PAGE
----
Soon after being elected to the U.S. Senate in 1992, Murray went on a radio show and said:
"When I was growing up, the big fear in my life was the nuclear war. I remember second- and third-grade teachers giving us skills to deal with it, if that big alarm goes off, which was 'Hide under your desk.' Would that do any good? I don't know. But as a child, that gives you a feeling there's something to do beyond panic. Today the biggest fear our kids live with is whether ... the kid beside them has a gun. We have to give them skills so they feel confident to deal with it."The woman is not sure if ducking under a school desk would help in a nuclear attack. Not only that, but she wants to do something similarly pointless to help children "deal with" school shootings. Maybe imaginary bullet-proof vests!
With amazing understatement, one of Murray's Democratic colleagues in the state senate told The Seattle Times in 1992: "She just doesn't strike you as somebody who's been reading The New York Times every day for the past five years." I wonder when Katie Couric is going to ask Murray what newspapers she reads.
After Murray was elected to the U.S. Senate, the Democrats tried to keep her locked in her office to prevent her from saying anything that might end up in a newspaper. But in the confusion after the 9/11 attack, the leadership must have lost the keys and Murray escaped to say this about Osama bin Laden:
"He's been out in these countries for decades, building schools, building roads, building infrastructure, building day-care facilities, building health-care facilities, and the people are extremely grateful. He's made their lives better."
Yes, Osama was out building "day-care facilities" -- and probably sponsoring "Bring Your Daughter to Work" days! I defy anyone to produce something stupider ever uttered by a homo sapiens. Not Barbara Boxer, Joe Biden or even John Edwards can hold their dimly lit candles to her.
Murray, whose college major was "recreation," got her start in politics fighting to save her own useless government job.
The laughably apocryphal story she tells is that she was told by some crusty old male politician -- still unnamed decades later: "You're just a mom in tennis shoes -- you can't make a difference!" (You know how politicians love gratuitously insulting their constituents.)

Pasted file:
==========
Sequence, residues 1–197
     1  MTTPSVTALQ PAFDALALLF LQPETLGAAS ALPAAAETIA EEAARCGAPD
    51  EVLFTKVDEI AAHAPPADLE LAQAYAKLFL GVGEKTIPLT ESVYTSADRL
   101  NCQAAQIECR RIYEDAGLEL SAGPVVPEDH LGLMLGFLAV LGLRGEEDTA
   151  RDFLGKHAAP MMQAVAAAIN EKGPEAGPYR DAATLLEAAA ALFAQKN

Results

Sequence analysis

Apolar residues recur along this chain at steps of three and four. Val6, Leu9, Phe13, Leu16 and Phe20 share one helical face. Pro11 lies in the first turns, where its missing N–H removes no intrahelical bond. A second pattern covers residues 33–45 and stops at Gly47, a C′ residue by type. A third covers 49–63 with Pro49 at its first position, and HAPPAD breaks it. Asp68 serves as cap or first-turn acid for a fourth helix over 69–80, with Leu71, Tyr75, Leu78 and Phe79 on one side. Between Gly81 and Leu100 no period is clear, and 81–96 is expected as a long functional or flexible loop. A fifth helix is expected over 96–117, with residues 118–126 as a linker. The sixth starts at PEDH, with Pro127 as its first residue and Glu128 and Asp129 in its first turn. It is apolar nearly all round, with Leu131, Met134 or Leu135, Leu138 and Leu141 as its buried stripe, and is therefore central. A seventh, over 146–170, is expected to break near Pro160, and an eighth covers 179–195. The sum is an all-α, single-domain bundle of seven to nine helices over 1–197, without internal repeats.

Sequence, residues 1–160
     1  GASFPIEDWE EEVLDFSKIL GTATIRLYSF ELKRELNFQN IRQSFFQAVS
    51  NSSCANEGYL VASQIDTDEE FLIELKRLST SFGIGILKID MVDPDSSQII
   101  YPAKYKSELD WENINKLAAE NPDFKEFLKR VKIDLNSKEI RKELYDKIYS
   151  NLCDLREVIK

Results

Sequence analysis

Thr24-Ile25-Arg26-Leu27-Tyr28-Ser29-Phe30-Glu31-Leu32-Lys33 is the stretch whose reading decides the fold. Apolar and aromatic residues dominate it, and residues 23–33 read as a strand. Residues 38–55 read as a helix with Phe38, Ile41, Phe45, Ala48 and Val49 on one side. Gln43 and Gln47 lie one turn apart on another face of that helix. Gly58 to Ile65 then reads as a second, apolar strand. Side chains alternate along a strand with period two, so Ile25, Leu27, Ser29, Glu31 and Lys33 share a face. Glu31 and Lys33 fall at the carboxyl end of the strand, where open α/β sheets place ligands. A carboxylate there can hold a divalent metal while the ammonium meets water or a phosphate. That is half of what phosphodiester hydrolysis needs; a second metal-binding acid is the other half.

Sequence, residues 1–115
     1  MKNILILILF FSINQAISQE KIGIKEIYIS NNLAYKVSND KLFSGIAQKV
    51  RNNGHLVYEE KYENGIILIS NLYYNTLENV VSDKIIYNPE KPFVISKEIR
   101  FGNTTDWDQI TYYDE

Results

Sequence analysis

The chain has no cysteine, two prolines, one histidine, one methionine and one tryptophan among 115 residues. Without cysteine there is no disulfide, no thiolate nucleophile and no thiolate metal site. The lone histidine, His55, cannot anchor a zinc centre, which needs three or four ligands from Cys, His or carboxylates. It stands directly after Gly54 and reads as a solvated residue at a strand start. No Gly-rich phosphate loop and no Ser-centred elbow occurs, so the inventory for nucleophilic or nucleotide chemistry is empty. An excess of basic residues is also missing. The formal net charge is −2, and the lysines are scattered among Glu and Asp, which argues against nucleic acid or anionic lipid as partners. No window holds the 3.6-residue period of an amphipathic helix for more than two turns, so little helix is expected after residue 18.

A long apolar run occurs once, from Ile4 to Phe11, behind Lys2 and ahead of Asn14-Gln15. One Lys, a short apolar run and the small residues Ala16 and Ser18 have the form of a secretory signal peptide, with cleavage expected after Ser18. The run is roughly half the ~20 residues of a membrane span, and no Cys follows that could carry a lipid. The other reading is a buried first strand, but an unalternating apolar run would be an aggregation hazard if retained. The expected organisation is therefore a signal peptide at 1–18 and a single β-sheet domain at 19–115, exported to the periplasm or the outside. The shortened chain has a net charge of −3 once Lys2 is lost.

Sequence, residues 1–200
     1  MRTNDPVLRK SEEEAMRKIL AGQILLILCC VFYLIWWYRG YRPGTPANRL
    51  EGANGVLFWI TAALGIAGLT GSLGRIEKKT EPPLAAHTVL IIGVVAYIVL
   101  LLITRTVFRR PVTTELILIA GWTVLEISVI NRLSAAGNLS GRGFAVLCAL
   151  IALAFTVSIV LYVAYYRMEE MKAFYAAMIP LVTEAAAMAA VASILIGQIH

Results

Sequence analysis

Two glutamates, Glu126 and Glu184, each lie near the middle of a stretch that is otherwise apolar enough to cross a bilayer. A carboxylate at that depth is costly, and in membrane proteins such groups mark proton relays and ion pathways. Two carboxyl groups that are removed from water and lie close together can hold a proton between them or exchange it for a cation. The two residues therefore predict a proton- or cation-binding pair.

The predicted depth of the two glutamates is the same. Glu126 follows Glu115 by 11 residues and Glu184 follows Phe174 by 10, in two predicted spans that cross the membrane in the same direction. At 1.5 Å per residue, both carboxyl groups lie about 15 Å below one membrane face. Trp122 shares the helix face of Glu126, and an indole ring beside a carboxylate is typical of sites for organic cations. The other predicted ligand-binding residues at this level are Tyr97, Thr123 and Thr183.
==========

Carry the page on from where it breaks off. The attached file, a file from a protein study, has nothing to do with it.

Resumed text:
This stuck in Murray's craw and so, filled with righteous anger, she ran for state office and won as a "mom in tennis shoes."
The real story is that Murray was teaching a "parenting" class at a community college, which no one was taking, so the state decided to cut it. Murray's reaction was, "Wait -- I'm a public employee! You have no right to fire me!"
She wasn't a parent upset that her child's school was dropping an art history class. She was a deadbeat public employee who didn't want her job cut. No one was taking her course, but she thought taxpayers should be required to pay her salary anyway.
Fighting to keep your own cushy job isn't a point of principle; it's evidence of a narcissistic personality disorder.
But you have to do a lot of research to find out that the class being eliminated was Murray's own. This deliberate policy on the part of the press to hide Murray's utterly self-serving motive for saving the class proves they know this is a problem for her.
The media's admiration for Murray's tenacious political start is like applauding the pluck of a stalker: "That guy sure has moxie and determination!" You're not supposed to be canonized for fighting to keep your own job.
Murray is the equivalent of a Wall Street fat-cat saying, "I'm going to fight for my $50 million severance package because it's the right thing to do!"
This remarkably unimpressive woman has tried to turn being a flat-footed dork into an advantage by selling herself as a tribune of regular folks. Yes, like most regular folk, she listed no religious affiliation whatsoever in the first few editions of the Congressional Almanac. (She probably couldn't remember she was supposed to say "Catholic.")
Soon after being elected to the Senate in 1992, Murray fought for a federal government jobs program by saying, "The highest-paying job I had before coming to Washington, D.C., paid $23,000 a year. ... I know what it's like to tell my kids they can't buy everything they want."
Is that what Murray thinks a senator should be doing? Ensuring that parents can tell their children they can buy everything they want?
True, Murray is a mom. You could also describe Hitler as a "war veteran and painter," but I think the more salient fact is that he was a German dictator.
Similarly, Murray's relevant characteristic is that she is a lifelong public-sector union zealot.
Again, Murray's class was on "parenting" -- the very definition of a pointless government program. Imagine going back in a time machine and trying to explain to someone from 1950 why the government was paying for classes on "parenting." How about classes on "waking up" or "getting dressed"?
Democrats have completely infantilized the populace in order to create jobs for useless social workers like Murray -- and then people wonder why states are going bankrupt under crushing debt burdens.
But I guess we have to fund these idiotic programs in order not to be outshone by Osama's "Partnership With Working Mothers Initiative" in Peshawar.